Almost without exception, the state’s daily newspapers led their New Jersey primary stories with language indicating that Hillary Clinton had held off a challenge from Barack Obama:
Gannett – Hillary Rodham Clinton defeated the late-surging Barack Obama in New Jersey’s Democratic presidential primary Tuesday…”
Courier-Post – Hillary Rodham Clinton overcame a fierce challenge from Barack Obama to win New Jersey’s Democratic primary Tuesday…”
The Record – Hillary Clinton held off a surging Barack Obama to win New Jersey’s Democratic presidential primary Tuesday as party power brokers, Latino voters and labor unions helped her avoid an embarrassing loss.
Star-Ledger – New York Sen. Hillary Clinton withstood a furious, final-days challenge from Illinois Sen. Barack Obama in her own backyard to win the Democratic primary in New Jersey yesterday amid a record-shattering turnout by voters.
True, Clinton had long maintained a convincing lead in the polls and Obama had narrowed that gap in recent weeks. But by portraying Obama as the challenger, these stories created the impression that Hillary Clinton already had won something in New Jersey.
That’s fine if you are writing about a prize fight in which a boxer is challenging a heavyweight champion who has won several bouts to earn his title. But in the New Jersey primary, the fact is Hillary Clinton had not won anything before Tuesday. When the polls opened at 6 a.m., she and Barack Obama had exactly the same number of votes – zero.
Yes, Clinton was ahead in virtually every voter poll conducted prior to the primary, but the credibility of polls took a beating in New Hampshire earlier this year. And as candidates are fond of saying, the only poll that matters is the one that takes place in the voting booth.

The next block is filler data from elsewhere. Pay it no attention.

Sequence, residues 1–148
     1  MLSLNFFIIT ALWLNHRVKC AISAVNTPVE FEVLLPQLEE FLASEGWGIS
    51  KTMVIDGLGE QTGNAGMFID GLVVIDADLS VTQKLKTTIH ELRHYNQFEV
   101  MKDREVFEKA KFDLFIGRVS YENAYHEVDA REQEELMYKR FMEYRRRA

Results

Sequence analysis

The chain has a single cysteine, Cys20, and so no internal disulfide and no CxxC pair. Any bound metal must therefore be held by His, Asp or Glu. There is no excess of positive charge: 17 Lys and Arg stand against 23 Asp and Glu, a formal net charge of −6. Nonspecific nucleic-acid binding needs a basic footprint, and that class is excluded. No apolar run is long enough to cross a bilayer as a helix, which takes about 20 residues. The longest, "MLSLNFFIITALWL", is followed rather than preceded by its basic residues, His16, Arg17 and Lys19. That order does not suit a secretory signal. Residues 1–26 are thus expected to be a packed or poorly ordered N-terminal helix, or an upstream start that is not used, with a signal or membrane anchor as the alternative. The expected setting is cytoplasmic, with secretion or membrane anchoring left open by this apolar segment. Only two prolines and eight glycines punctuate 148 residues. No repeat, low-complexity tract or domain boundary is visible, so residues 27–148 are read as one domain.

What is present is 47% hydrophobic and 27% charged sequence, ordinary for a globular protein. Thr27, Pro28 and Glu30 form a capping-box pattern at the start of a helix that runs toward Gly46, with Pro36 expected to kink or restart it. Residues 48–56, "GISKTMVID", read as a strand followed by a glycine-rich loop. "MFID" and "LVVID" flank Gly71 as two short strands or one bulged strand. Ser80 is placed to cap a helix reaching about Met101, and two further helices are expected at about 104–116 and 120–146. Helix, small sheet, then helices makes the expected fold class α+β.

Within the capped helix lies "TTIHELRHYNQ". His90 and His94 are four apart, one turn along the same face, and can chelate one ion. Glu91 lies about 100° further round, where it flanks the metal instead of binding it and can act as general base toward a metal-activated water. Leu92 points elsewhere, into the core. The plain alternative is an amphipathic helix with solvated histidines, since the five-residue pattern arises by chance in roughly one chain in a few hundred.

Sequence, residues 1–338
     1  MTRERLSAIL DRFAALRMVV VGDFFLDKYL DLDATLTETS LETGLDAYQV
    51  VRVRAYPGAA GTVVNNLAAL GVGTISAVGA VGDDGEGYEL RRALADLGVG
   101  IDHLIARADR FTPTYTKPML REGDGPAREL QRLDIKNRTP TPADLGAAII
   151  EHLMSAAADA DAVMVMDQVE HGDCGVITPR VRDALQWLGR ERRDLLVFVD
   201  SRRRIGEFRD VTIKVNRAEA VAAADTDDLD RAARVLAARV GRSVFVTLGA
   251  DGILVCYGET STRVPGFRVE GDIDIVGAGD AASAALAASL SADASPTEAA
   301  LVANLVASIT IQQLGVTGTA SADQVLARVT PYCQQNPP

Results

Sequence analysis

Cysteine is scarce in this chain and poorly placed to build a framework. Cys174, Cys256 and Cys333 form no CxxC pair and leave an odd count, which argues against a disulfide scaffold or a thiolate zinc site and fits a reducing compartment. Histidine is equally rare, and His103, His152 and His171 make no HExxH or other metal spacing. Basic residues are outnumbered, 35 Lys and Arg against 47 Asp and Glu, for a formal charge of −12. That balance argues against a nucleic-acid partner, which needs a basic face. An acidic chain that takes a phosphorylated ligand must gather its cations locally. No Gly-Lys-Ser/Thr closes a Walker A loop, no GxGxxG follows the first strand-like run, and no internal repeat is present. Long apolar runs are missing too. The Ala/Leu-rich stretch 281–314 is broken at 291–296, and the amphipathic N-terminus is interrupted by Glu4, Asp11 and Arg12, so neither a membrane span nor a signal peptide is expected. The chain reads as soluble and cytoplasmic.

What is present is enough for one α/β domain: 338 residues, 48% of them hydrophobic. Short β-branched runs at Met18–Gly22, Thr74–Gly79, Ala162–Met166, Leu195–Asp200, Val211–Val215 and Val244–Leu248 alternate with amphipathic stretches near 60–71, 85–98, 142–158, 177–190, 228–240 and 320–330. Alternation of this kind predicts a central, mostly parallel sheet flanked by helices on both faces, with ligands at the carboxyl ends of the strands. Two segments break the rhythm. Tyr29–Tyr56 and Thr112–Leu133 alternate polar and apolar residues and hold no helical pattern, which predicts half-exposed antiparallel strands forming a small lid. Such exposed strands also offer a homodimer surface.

By framing stories in this manner – whether or not intentionally – journalists have the ability to shape events, according to Kathleen Hall Jamieson of the Annenberg School of Communication at the University of Pennsylvania.
“The press both covers events and, in choosing what to report and how to report it, shapes their outcome,” she wrote in The Press Effect.
In discussing the disputed 2000 presidential election between George W. Bush and Al Gore, Jamieson contends that the frame became one in which Bush was perceived as the winner and Gore as the challenger, even though there was no clear-cut winner. This in effect made it more difficult for the Gore team to gain support.
Moving back to New Jersey, the lead of the Star-Ledger’s national story on Super Tuesday created an air of invincibility for John McCain:
“Sen. John McCain continued his march toward the Republican presidential nomination…”
Now that Mitt Romney has bowed out of the GOP primary, it appears that McCain most likely will “march toward the Republican nomination.” But on Wednesday, when this story appeared, Romney was still a candidate, albeit a weakened one. Yes, McCain’s nomination appeared inevitable, but nothing is inevitable. Just ask the New York Mets, whose chances of playing in the 2007 post-season were considered inevitable before their historic collapse.
When journalists create a sense of inevitability, it can have a direct impact on public perception.
For example, a study by Jack Lule of Lehigh University found that news reports prior to the 2003 war in Iraq were based upon the assumption that war was inevitable. In turn, this assumption had profound implications in terms of public support for the war. This conclusion was based on six weeks of coverage by NBC Nightly News in which the network titled its reports Countdown: Iraq, Showdown: Iraq, and Target: Iraq.
“By using Countdown: Iraq as a structural metaphor, particularly in the middle of February 2003, NBC Nightly News affirmed the inevitability of conflict with Iraq at a time when many Americans and nations around the world were still attempting to prevent the conflict,” Lule wrote in Journalism Studies.
One could argue that the consequences of framing Hillary Clinton and John McCain as candidates in commanding positions on Super Tuesday may not be as great as the frames that helped build public support for the war in Iraq. That is true, but with Super Tuesday, we also are talking about a process that ultimately will determine who will serve as the nation’s next chief executive in one of the most challenging times in our history.
And that is a decision that deserves to be made carefully and thoughtfully by a well-informed electorate.
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